Jon, there WAS a crisis. There wasn’t money to cover it. As you know, we haven’t recovered from the crisis. There still isn’t enough money to cover it.

            The fact remains Corbett pumped alot of money back into Education that Rendell had taken away.

            Now if you have a chart that proves your point on state spending from 2008-2011, let’s see it.

  3. Jon,

    I’m probably not “political” enough to get this post, but it really makes very little sense. Perhaps politically “total funding” is what people “really care about, but policy professionals should be looking at the spending/funding matchups and at some sort of benchmark of success.

    1. It is true that the state did cut education in 2008-2010, but in response to deeply falling revenues. Hard to blame Ed Rendell or anyone else.

    2. Accepting as a “baseline” a highly unique spending year or two seems equally wrongheaded. The Republicans do have a fair point here–why would the state establish its funding baseline based on budget lines from expressly time-limited legislation–unless a political party is headed by Mr. Micawber?

    I don’t like to make governments like individuals, but if you bought a house with cash this year and not next year, would you say you cut your household spending by 245%? Of course not.

    We can recall a number of governors that declined stimulus funding and were roundly derided in the press for declining “free money” in a “partisan manner” apparently to make a point. However, it was always glossed over that the stimulus money obligated states and local governments to maintain a set of services or spending long after the money was no longer being provided. Stimulus spending can be a trap, even if a well intentioned one.

    • Jon Geeting says:

      States spent stimulus money exactly as they were supposed to. The real blame for the stimulus money going away lies with Congress. They extended other forms of aid like unemployment benefits when it became clear that the economy would remain weak beyond 2010. They should’ve done the same thing with state and local aid. The aid should have been tied directly to the unemployment rate, only expiring when unemployment fell below 6% or so.

      • Even if I concede your point on the states (which I don’t), I would then counter that the districts screwed up. Everyone, and I repeat EVERYONE, knew the federal money was temporary. If the districts spent it in a way that assumed it was permanent, then that’s their fault.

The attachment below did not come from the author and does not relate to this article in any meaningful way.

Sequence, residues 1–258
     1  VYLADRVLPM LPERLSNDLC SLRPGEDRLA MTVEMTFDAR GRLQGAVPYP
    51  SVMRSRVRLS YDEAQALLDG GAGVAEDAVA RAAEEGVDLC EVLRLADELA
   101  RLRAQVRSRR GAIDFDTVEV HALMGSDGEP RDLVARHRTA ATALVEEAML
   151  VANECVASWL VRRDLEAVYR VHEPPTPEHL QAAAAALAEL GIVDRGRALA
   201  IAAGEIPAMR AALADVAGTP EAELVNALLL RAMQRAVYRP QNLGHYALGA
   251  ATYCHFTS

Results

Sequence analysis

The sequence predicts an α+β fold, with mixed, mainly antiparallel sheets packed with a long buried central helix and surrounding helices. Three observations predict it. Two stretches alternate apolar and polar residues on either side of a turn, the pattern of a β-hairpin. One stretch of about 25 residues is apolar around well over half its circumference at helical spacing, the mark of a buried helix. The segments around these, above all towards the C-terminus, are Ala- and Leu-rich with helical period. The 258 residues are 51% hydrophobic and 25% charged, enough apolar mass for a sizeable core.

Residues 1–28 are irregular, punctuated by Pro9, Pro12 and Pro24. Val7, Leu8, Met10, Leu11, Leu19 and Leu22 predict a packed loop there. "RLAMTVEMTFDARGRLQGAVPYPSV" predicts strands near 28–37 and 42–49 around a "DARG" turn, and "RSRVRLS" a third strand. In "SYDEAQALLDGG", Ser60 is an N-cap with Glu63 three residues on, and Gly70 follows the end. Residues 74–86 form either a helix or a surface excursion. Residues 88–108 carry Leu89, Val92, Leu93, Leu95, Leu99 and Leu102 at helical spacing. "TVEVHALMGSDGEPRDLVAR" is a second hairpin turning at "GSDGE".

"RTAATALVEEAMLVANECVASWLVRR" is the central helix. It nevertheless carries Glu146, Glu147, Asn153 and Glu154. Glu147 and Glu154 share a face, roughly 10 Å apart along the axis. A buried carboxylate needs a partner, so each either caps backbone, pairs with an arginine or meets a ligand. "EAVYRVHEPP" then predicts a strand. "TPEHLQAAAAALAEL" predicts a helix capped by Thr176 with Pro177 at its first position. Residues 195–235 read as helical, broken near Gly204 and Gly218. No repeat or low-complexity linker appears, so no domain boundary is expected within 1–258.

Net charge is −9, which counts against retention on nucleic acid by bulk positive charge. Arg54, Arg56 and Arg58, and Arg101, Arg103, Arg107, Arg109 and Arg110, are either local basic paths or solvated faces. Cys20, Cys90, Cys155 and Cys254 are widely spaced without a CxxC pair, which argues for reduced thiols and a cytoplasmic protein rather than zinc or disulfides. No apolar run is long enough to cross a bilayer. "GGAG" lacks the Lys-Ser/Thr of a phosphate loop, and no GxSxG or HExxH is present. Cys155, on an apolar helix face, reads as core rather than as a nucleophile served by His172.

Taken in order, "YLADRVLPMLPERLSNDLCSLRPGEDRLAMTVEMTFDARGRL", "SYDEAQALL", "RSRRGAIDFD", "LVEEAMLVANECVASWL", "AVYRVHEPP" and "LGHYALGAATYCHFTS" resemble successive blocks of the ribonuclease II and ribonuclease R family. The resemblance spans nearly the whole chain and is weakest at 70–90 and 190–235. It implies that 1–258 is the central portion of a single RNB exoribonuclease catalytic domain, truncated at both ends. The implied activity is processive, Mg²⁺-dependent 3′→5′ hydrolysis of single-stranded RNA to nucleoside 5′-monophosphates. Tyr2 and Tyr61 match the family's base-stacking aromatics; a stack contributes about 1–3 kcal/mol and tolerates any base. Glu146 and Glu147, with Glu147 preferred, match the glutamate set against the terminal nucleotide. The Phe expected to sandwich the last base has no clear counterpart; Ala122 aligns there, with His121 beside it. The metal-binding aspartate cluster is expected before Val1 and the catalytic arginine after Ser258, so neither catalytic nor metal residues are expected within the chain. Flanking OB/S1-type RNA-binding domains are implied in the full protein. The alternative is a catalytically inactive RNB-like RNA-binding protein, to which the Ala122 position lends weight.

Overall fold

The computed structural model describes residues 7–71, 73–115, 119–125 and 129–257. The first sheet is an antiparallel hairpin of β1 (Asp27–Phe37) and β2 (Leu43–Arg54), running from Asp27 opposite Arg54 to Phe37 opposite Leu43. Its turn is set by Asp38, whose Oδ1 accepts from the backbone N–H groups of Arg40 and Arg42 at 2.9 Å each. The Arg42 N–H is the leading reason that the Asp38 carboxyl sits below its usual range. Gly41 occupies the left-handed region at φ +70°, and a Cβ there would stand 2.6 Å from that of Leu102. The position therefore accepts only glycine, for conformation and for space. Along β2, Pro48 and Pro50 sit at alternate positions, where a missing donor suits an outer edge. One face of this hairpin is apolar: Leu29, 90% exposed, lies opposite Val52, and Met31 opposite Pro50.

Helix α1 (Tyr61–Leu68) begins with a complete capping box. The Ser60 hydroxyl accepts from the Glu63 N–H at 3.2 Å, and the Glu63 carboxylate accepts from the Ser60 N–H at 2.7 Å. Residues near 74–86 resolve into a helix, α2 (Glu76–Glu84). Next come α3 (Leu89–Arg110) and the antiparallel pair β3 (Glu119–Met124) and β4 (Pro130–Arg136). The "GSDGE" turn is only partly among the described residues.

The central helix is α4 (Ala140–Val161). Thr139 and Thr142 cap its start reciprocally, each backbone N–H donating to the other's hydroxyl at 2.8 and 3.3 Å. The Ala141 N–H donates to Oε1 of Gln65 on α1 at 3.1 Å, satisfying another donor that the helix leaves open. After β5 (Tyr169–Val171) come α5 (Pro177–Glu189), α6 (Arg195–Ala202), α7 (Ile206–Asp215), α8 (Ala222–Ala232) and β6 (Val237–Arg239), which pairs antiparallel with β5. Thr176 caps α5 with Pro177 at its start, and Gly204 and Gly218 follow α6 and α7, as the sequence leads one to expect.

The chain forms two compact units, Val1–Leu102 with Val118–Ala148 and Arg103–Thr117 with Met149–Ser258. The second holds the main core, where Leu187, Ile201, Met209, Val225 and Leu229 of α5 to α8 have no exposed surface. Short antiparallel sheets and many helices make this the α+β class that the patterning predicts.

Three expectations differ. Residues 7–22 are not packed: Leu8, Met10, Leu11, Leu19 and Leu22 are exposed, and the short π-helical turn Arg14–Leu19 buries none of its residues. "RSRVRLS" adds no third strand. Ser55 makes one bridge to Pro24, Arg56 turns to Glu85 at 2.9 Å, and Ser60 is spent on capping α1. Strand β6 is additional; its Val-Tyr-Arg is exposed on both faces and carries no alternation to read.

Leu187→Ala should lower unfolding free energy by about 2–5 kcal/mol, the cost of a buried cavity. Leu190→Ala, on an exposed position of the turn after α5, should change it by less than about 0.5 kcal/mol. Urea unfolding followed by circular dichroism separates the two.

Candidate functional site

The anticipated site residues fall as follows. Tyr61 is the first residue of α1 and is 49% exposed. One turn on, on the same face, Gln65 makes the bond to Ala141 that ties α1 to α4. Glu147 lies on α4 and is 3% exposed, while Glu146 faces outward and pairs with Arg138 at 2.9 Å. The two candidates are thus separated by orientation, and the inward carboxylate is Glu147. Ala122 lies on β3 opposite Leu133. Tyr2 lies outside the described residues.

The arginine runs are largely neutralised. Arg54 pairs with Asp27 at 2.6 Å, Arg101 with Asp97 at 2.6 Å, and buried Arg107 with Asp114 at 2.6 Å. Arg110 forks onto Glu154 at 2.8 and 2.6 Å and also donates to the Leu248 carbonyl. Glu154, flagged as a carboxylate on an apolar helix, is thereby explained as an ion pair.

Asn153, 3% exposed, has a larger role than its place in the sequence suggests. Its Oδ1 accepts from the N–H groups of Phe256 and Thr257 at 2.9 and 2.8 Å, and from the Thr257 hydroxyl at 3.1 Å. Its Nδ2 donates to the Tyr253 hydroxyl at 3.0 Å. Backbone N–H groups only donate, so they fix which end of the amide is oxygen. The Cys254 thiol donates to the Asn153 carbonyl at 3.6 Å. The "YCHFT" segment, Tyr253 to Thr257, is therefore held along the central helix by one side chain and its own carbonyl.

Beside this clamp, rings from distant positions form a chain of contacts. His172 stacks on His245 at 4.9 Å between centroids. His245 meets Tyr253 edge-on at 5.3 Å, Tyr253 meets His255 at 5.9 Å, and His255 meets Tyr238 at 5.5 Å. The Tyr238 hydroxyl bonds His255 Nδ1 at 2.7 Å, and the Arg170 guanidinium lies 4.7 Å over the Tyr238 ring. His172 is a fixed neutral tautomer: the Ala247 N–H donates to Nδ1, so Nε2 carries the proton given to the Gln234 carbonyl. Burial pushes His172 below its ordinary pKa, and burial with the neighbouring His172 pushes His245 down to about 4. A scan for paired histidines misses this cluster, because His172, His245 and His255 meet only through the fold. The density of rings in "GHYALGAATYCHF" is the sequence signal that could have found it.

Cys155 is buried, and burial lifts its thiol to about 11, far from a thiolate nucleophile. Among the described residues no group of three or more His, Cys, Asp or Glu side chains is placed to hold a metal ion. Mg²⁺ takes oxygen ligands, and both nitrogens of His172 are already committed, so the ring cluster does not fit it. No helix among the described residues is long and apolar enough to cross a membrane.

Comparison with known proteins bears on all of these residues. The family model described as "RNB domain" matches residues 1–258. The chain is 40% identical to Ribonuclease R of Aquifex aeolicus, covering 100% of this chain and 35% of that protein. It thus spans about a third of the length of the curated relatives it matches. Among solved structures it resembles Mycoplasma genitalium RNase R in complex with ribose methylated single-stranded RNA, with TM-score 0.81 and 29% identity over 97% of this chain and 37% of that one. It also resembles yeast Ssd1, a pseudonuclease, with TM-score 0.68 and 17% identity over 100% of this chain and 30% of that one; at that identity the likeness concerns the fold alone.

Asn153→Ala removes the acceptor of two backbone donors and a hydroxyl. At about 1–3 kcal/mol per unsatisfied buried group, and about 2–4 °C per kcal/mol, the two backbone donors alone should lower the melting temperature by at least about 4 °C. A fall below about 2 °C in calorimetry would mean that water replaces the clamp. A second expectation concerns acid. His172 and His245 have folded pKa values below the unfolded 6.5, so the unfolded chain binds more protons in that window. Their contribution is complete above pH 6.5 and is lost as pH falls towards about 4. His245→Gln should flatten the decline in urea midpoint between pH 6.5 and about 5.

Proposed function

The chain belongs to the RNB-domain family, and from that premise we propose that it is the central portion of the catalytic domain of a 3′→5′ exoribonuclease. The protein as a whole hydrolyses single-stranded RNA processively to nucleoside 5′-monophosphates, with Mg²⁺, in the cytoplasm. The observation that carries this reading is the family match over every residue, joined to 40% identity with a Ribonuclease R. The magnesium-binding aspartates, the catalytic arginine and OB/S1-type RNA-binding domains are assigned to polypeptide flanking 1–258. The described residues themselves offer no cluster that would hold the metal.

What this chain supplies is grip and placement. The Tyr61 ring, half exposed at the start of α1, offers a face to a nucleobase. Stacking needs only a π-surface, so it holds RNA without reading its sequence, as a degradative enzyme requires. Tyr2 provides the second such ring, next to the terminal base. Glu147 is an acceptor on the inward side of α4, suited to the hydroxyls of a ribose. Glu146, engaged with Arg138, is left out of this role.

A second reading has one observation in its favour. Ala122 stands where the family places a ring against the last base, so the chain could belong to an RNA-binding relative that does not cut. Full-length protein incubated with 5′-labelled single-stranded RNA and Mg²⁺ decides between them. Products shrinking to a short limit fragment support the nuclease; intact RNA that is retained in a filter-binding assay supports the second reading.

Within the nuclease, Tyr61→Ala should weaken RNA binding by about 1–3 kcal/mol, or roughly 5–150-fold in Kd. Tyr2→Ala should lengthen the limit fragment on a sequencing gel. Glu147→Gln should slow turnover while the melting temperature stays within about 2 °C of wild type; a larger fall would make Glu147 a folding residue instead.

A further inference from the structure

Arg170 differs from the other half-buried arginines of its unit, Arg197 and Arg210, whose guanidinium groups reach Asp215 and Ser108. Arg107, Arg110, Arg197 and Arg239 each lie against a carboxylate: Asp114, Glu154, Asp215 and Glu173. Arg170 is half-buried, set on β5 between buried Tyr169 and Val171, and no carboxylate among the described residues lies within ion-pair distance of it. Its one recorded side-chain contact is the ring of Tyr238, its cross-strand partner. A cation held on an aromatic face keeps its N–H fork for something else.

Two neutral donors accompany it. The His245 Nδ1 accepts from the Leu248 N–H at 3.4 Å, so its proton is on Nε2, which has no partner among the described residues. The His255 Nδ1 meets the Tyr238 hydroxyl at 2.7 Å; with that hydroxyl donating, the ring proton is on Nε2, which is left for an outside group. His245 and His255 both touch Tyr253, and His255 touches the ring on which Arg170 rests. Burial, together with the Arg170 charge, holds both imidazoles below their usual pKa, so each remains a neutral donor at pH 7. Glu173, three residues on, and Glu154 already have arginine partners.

And thank God no one listens to you about federal spending. What an assinine plan that is.

  4. I don’t disagree with you, although when it comes to state government spending, it would have been better if states had maintained current budgets and spending rather than expanded hiring.

    The problem is the word “stimulus”. If the Federal Government wanted to give extra money to states to help them through a short term budgetary shortfall, that would be one thing. If the Feds wanted to use stimulus to allow the completion of deferred construction or maintenance, that would also help schools and spur demand.

    Using short term money to expand specialist employment seems to be the worst way to use this money, since the employment impact is minimal and there’s probably less educational justification to use the funding in this way. Tying funding to the unemployment rate doesnt’ appear to be a good match.

    • Jon Geeting says:

      The reason to tie it to unemployment is to avoid expiration of aid while the economy is still weak. Congress should not have to keep voting to extend the aid.

      • Every time I read a stupid-ass recommendation like that I am so glad you’re a 5% far left fringe player, and no one takes this crap seriously.

  5. Why not? Most of the states passed through their short-term fiscal crisises, and their revenues recovered. So the “aid” to help them through the economic crisis seemed to have worked.

    If you wanted a jobs program, do you think you could design something a little bit more sustainable and actually effective at producing jobs than giving free money to state bureaucracies? Doing this kind of thing as a bridge in economic hard times makes sense. Doing it as a jobs program offers few benefits to the employment picture

    • Jon Geeting says:

      Huh? We lost 500K+ public sector jobs in the past 3 years. It didn’t “work”. There should’ve been zero budget-related layoffs.